Platelet rich plasma (PRP), is emerging therapy for AGA. It is essentially an increased concentration of autologous platelets suspended in a small amount of plasma after centrifugation10. The adjunctive role of PRP was initially reported in periodontal therapy, maxillofacial surgery, orthopaedics, and sports medicine and has now captured wide attention in the field of dermatology and aesthetic surgery particularly for its role in treating acne scars, fat grafting, wound healing, and hair regrowth11,12. Alpha granules of platelets contain seven fundamental growth factors(GF), the more relevant ones to dermatology being Platelet derived growth factors (PDGF), Transforming growth factor beta (TGF ß1 and 2), Epithelial growth factor (EGF), and Vascular endothelial growth factor (VEGF). These growth factors modulate cell proliferation, differentiation, angiogenesis, and chemotaxis. GFs appear to act in the bulge area of the follicle, where they bind to their respective receptors located in stem cells. Therefore, PRP could serve as a potential treatment of AGA13-15. This study was conducted with an aim to evaluate real world efficacy and safety of PRP in AGA when combined with minoxidil 5% locally once and tab dutasteride 0.5 mg twice weekly.

Subjects and methods:

Patients: This was a prospective, open label, controlled study, conducted at a tertiary care hospital in India over a period of one year from June 2015 to June 2016 following prospective clearance from institutional ethics committee. 300 consecutive male patients of AGA between ages of 20 years to 50 years were enrolled in the study following individual informed consent and assigned equal groups A(study group) and B(control group). Group A received topical minoxidil 5% lotion once in the night, dutasteride 0.5mg twice a week (sat and sun) and PRP 0.1ml/cm2 intradermally and in interfollicular pattern every month. Group B received minoxidil and dutasteride as in Group A but instead of PRP received normal saline 0.1ml/cm2 every month.

AGA was graded according to the Hamilton-Norwood scale. Stage II to stage VI was included in the study. Patients who had received any topical or systematic treatment for their hair loss during the last 6 months or any anticoagulant therapy, those with immunosuppression (malignancy, HIV, diabetes), or on any immunosuppressant (chemotherapy, steroid) therapy, dermatological diseases affecting the scalp, keloidal tendency, autoimmune disorders, hematologic disorders, platelet dysfunction syndrome were excluded from the study. Patients taking aspirin or other non-steroidal anti-inflammatory drugs (NSAIDs) was discontinued 7 days before treatment. Patients who had known allergy to tab dutasteride or minoxidil or having liver disease were also excluded from the study. Laboratory tests conducted at baseline included: CBC; random blood sugar, Liver function test (LFT) with liver enzymes SGOT & SGPT , serological tests for HIV, HBS Ag, and Anti HCV antibodies. Serum iron, serum ferritin, TIBC (Total Iron-Binding capacity); T3, T4, TSH, anti-TPO Ab were planned for those who shown clinical suspicion of anaemia, poor nutrition, thyroid dysfunction, or any immunosuppressive or systemic illness. CBC, LFT with SGOT and SGPT were repeated at the end of six months.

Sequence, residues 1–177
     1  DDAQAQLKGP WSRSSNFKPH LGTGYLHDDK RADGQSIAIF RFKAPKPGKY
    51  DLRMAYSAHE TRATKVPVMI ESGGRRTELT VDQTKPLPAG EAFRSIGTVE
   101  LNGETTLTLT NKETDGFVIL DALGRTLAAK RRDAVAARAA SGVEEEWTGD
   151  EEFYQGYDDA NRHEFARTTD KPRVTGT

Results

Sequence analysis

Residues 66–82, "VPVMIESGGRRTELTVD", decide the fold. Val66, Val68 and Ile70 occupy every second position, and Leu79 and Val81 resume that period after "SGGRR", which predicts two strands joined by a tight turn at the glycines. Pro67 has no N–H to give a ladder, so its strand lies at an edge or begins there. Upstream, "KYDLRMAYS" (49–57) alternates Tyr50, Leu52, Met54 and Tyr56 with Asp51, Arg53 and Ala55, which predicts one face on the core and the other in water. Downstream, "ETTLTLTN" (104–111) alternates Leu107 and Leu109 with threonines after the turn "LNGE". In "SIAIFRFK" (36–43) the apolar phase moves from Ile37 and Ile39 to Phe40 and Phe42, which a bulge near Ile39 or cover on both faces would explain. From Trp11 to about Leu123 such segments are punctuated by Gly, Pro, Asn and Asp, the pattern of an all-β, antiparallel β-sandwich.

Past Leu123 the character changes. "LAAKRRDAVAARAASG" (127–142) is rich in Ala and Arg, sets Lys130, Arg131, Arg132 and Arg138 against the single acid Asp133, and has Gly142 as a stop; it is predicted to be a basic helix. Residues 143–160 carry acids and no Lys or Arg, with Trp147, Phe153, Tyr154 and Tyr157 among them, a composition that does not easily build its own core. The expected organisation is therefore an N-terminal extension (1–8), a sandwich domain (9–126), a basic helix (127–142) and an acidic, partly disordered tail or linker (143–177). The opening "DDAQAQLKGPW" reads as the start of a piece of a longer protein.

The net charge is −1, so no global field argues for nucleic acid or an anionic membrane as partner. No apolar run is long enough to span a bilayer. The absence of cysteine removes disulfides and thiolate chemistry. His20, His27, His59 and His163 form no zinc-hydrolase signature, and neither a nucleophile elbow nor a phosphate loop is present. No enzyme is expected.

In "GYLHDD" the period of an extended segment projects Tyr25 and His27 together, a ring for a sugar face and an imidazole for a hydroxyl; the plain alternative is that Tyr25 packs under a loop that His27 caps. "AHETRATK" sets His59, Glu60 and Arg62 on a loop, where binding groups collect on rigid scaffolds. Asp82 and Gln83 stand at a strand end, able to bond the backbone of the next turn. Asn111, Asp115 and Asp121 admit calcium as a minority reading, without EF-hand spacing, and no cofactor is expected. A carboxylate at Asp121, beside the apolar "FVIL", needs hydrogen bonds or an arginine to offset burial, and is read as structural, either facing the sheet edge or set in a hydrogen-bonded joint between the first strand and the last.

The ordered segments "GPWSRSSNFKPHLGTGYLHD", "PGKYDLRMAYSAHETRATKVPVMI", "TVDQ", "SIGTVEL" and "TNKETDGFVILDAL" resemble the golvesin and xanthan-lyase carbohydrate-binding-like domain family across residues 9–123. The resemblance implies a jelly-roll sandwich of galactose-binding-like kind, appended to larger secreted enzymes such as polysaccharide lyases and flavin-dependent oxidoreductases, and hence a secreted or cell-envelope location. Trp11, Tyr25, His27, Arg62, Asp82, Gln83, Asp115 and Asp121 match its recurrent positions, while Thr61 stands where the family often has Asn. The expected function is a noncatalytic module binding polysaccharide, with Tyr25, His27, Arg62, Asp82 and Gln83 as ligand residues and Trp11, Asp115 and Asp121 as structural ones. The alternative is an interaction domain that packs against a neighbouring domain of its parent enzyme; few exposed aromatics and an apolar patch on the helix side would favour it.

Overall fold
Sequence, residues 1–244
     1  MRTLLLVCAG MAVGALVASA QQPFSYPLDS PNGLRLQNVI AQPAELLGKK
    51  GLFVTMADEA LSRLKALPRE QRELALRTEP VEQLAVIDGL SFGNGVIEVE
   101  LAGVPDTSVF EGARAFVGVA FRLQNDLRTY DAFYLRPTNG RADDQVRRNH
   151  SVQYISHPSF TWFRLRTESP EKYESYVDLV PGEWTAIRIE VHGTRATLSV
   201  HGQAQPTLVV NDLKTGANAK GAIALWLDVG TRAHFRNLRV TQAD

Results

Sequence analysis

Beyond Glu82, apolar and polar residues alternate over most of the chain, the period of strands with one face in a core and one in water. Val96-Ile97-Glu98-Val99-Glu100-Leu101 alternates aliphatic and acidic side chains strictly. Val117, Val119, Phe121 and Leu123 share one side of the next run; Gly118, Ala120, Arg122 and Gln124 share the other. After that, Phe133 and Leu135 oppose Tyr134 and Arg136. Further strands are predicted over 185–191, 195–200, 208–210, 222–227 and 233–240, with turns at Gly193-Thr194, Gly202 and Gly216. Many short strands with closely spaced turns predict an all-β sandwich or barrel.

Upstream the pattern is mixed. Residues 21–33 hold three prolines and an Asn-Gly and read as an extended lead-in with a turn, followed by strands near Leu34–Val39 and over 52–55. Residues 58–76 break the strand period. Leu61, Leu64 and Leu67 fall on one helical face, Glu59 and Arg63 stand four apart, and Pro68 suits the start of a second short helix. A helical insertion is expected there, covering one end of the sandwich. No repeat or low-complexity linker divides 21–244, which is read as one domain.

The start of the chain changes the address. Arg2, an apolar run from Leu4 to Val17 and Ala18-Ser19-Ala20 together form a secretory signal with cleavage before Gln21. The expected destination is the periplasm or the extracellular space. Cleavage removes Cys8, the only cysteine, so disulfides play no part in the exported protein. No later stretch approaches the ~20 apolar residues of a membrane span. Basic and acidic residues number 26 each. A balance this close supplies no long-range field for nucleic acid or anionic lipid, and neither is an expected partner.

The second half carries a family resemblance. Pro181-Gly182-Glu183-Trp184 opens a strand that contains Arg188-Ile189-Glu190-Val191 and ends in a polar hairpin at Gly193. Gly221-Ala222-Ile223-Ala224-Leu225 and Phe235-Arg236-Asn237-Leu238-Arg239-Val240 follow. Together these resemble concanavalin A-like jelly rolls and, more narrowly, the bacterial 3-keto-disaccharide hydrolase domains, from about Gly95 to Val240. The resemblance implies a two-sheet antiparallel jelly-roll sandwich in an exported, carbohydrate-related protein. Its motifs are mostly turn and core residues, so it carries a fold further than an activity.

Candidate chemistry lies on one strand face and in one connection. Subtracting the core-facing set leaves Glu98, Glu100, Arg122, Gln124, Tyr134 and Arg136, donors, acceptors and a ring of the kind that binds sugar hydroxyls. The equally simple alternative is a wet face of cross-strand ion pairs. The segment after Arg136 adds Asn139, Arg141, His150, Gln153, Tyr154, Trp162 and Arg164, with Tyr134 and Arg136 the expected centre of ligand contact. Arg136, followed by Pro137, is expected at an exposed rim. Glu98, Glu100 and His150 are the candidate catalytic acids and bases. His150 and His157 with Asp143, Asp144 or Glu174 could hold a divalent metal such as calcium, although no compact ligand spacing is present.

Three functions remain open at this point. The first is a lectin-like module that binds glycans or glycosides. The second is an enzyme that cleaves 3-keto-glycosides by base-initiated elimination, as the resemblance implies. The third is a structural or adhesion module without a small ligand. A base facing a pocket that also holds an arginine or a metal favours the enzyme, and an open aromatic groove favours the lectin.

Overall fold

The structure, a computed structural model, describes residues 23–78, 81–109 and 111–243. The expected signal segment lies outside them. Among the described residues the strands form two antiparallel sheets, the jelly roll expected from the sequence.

PRP preparation and administration: PRP was prepared with double spin method. Total 18 ml of venous blood was collected from the antecubital vein of the patient in 20 ml of syringe with 18-gauge needle. The blood was then introduced into three tubes of sodium citrate vacutainer having capacity of 6 ml. for the first spin, these tubes were centrifugated for 5 min at 1500 rpm (soft spin), using centrifuge machine (Remi). This separated blood into three layers, lowermost RBC, intermediate buffy coat and top clear to yellowish plasma layer. The buffy coat with plasma was collected with the help of a Finn pipette in a separate sterile test tube. This tube was subjected to a second ‘hard spin’ at 3000 rpm for 10 minutes. At the end of the second spin, a small platelet pellet at the bottom and overlying platelet poor plasma was yielded.

Table 1. General profile of the patients of both the study groups. (p- value of difference in mean age is 0.788) HN- Hamilton Norwood scale

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The upper two third layer containing PPP was discarded, and the lower third layer of PRP prepared by agitation of the platelet pellet in remainder of plasma was aspirated into an insulin syringe. Four such insulin syringes having total 4 ml of PRP were collected for each patient. The activation process included the addition of calcium gluconate in a 1:9 ratio (0.1 ml calcium gluconate per 0.9 ml of PRP). The platelets in whole blood and PRP were randomly submitted for microscopic examination to the hospital laboratory, which reported a consistent figure of 4-5 times average platelet concentration when compared to whole blood of patient. Local anaesthetic cream (lidocaine 2.5% & prilocaine 2.5%) was applied over the area of the scalp to be treated and was cleaned with spirit and betadine before infiltration. PRP was injected intradermally in interfollicular areas with an average density of 0.1 ml/cm2. Patients from Group B received normal saline instead of PRP in similar way.

Table 2. Age wise distribution of both the study groups

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Assessment of patients: Evaluation of hair loss as well as objective improvement was conducted by hair pull test, dermoscopic photomicrographs, macroscopic photographs and a satisfaction scale. Any adverse effects were also noted. All patients were evaluated over six visits i.e. V0(Baseline), V1(04 weeks), V2(08 weeks), V3(12 weeks), V4(16 weeks), V5(20 weeks), V6(06 months) and V7(01 year).

Table 3. Comparison of hair pull test in both the study groups at different time interval